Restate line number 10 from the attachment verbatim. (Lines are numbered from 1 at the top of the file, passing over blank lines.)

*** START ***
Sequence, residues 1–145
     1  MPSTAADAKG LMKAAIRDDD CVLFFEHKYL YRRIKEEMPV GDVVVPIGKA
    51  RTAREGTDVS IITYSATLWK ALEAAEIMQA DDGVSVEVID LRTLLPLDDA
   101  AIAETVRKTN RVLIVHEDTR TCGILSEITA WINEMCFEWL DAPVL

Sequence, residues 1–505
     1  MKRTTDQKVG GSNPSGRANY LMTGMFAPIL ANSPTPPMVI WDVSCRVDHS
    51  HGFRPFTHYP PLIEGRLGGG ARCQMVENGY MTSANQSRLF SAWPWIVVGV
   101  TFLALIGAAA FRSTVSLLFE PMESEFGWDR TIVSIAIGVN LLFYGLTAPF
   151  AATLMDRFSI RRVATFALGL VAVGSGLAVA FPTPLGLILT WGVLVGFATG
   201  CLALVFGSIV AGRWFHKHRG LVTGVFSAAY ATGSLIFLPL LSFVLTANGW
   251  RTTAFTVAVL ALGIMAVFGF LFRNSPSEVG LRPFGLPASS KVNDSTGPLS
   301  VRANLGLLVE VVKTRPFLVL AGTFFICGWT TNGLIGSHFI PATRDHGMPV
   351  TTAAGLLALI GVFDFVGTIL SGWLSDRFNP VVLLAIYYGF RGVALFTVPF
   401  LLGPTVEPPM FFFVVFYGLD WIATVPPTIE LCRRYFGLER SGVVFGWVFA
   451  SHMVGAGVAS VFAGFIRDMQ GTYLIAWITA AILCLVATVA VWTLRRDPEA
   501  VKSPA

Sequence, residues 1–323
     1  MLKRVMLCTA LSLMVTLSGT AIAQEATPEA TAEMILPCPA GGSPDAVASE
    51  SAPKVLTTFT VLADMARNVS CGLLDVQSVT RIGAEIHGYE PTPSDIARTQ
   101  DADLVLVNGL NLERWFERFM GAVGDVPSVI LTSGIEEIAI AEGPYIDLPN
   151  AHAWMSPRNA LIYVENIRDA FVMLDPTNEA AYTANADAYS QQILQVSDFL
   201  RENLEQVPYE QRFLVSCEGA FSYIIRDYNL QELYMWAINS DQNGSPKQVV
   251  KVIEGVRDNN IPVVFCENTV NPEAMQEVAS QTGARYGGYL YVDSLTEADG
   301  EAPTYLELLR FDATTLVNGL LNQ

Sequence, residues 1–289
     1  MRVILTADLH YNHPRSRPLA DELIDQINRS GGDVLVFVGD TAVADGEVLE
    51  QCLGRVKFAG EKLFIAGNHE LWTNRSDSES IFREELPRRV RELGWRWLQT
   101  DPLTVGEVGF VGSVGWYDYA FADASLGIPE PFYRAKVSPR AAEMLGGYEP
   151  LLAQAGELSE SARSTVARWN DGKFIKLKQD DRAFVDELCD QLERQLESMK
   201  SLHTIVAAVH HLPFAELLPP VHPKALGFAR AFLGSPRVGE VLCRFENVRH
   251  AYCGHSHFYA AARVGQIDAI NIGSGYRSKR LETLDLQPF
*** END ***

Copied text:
   201  CLALVFGSIV AGRWFHKHRG LVTGVFSAAY ATGSLIFLPL LSFVLTANGW